Kilimanjaro frequently asked questions

Kilimanjaro Frequently Asked Questions

Do I have to be extremely fit to climb Kilimanjaro?

You don’t have to be a professional athlete to successfully reach Kilimanjaro’s peak. However, as with any physical endeavour, if you are in good physical condition, you will enjoy the climb more and become less fatigued along the route. If you are not very active now, don’t worry. Upon booking, Mount Kilimanjaro Routes will send you a detailed Kilimanjaro Training Guide which is certain to get you prepared for your journey.

Read More About Training For Your Kilimanjaro Climb

What is the difference between the Rongai, Machame, Umbwe, Lemosho, Marangu, and Shira routes?

On the Marangu route, you will be staying in communal huts as opposed to camping in tents, and you hike up and down the same path.

The Rongai, Shira, Lemosho, Umbwe and Machame routes are proper camping routes and are considered more scenic than the Marangu because the ascent and descent routes are different. The Rongai route is the only route beginning on the north side of the mountain and you descend down the Marangu route.

The Lemosho and the Shira routes traverse Kilimanjaro from the west and descend down the Mweka route. The Shira route takes you on the far west side, and is essentially the same as the Lemosho route, though you start at a higher altitude.

Machame and Umbwe begin on the southwest side of the mountain and join up at the Barranco Camp for the remainder of the climb. Umbwe. Machame takes 3 days to reach Barranco, allowing for proper acclimatization.

View Kilimanjaro Route Comparisons and Profiles

How much weight can I put in my duffle bag?

The maximum weight that a porter can carry in your duffle bag is 33lb/15kg and the porter community is very strict about that weight limit. This weight is always highest on the first day because as you consume your electrolytes, snacks and other consumables, the weight of your daypack and duffel will naturally reduce. Your duffle will be weighed at the hotel on the morning of your climb to ensure it meets the regulations. It is recommended that you weigh your gear prior to arriving in Tanzania so there are no surprises.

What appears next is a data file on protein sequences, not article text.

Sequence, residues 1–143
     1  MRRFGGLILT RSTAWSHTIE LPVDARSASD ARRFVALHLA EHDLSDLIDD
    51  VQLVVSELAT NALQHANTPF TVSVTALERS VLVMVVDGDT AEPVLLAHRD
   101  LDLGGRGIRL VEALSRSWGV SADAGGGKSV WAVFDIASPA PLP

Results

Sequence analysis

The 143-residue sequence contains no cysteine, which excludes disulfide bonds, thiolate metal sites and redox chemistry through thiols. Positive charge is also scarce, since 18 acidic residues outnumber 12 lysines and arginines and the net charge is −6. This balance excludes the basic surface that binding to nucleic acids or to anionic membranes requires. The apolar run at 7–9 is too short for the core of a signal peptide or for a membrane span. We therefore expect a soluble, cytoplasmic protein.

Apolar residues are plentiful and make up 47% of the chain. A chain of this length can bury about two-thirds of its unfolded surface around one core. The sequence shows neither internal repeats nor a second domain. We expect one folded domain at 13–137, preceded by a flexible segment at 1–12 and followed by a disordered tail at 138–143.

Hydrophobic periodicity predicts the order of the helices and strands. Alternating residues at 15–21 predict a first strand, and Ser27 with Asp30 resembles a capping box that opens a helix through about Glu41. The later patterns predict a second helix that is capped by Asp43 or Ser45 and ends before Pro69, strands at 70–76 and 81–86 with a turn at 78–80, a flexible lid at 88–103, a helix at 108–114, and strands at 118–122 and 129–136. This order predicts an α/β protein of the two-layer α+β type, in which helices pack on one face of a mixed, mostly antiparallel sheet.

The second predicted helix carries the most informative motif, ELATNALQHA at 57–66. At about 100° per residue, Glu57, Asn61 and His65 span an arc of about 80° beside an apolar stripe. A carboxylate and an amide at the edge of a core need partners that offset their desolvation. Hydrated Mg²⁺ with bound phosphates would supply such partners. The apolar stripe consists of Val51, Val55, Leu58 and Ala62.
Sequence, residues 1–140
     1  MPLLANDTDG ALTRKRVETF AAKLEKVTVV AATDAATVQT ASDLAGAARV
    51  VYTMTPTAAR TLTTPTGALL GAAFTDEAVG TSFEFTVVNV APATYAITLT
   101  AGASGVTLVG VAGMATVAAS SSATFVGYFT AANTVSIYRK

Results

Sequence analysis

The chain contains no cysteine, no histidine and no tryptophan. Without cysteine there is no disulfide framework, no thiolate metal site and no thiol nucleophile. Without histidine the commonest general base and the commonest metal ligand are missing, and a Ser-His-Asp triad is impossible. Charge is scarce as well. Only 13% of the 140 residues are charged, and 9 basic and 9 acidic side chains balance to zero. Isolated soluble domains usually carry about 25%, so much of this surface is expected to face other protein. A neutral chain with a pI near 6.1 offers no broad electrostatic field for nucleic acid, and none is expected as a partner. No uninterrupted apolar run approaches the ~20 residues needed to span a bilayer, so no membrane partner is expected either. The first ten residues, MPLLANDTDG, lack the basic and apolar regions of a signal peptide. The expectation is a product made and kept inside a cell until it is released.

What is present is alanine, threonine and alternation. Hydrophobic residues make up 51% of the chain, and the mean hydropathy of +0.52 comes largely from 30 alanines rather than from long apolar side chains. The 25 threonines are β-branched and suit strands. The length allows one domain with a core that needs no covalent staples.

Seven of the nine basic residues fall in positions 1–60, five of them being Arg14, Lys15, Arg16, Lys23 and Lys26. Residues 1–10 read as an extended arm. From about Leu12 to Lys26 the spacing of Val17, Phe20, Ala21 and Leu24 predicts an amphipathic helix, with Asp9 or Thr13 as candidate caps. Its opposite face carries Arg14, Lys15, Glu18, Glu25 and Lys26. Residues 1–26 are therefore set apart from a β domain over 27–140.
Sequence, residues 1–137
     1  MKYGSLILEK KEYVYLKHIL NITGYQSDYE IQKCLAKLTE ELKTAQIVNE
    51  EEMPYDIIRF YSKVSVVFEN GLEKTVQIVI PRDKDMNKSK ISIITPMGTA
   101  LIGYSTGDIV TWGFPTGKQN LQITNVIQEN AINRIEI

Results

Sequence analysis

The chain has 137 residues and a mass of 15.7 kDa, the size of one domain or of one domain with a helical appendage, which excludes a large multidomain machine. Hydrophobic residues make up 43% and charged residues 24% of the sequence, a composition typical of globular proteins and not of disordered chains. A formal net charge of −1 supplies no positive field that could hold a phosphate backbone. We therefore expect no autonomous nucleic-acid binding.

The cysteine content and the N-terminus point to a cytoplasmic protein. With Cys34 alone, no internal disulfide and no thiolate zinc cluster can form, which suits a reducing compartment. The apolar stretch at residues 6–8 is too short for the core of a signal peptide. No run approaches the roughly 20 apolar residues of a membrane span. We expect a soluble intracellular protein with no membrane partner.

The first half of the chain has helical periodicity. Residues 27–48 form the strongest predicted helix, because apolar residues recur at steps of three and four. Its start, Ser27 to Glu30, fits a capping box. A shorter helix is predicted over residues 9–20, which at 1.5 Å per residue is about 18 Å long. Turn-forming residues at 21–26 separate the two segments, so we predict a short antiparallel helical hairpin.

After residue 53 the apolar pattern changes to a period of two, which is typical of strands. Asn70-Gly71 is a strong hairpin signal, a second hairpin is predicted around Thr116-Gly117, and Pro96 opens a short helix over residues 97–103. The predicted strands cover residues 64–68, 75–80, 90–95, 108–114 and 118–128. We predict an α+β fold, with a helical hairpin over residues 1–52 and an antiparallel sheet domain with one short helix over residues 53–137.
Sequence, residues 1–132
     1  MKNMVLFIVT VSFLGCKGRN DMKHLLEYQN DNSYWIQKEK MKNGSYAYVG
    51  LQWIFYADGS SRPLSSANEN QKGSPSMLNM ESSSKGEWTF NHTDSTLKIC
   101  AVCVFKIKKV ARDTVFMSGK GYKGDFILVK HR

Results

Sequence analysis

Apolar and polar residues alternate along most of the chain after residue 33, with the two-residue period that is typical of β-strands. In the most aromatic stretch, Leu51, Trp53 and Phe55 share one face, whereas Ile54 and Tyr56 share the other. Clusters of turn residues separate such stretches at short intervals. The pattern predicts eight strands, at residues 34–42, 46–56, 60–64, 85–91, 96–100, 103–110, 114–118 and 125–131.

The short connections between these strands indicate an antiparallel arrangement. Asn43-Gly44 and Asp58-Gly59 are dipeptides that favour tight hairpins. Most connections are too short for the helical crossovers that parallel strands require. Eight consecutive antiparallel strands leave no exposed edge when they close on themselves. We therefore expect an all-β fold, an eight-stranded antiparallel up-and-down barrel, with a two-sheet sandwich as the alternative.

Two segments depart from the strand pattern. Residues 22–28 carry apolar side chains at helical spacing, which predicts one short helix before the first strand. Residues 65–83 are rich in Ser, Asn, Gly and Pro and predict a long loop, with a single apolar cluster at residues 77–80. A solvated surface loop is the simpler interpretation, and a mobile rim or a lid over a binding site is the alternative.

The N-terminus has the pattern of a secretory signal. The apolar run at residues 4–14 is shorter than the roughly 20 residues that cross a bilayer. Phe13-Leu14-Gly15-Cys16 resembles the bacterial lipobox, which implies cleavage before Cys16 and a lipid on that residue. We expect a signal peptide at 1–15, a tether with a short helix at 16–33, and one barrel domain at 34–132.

Do I have to carry my own gear?

The porters will carry your duffle bag and the majority of your supplies you will need for your trek. This makes it easier for you to get to the top! Daily you will just carry your water (~4L), snacks and change of clothing, as weather changes rapidly on the mountain and temperatures can vary wildly from morning to afternoon. Most people’s daypacks weigh less than 15lb/6.8kg.

How much weight do I have to carry on the climb?

All you need to be concerned about with a Mount Kilimanjaro Routes trip is the weight of your Kilimanjaro daypack and water which will average around 15lb/6.8kg.

What is the food like on Mount Kilimanjaro?

The food on the mountain has been specifically designed to give you the needed energy to reach the top. You will be surprised by the creativity of our food service personnel on the mountain. Can you imagine being at 15,000 ft and getting freshly baked bread? There is nothing like it in the world! Most meals are similar in makeup and are very balanced with a heavy portion of carbohydrates, as that is the fuel you need to get to the top!

Sample Breakfast: Porridge, Fried Eggs, Sausage, Potatoes, Toast, Peanut Butter, Jams, Coffee, Tea, Milo (you will love this chocolaty drink)

Sample Lunch/Dinner: Soup, Spaghetti and Meatballs, Bread or Biscuits, Coffee, Tea, Milo

More about Kilimanjaro food/meals

Is the water safe to drink on the mountain?

All of the water you will be receiving on the mountain will be thoroughly boiled prior to you receiving it, but many climbers prefer to take supplemental precautions such as purification tablets or a simple Steripen to make certain you are safe.

What is the real success rate of climbers who reach the top of Kilimanjaro?

The rate of failure is high because there are a lot of climbers who try to do the climb too quickly and cheaply. This is very difficult and the rate of success is lower than 50%. If you take your time and go pole, pole (Swahili for slowly, slowly) then your chance of success dramatically goes up. It is because of this reason alone that we recommend only 6, 7 and higher day treks up the mountain. The money you save on a 5-day trip is not worth the misery of not making it!

On the trail, there is not much to do when you get to camp other than sit in your tent and wait for dinner, so take your time and enjoy the sights and your fellow climbers during your trek. Also the slower you go, the more energy you conserve, giving you what you need to make it to the top.

Need Help? Chat with us
Mount Kilimanjaro Routes
Compare items
  • Total (0)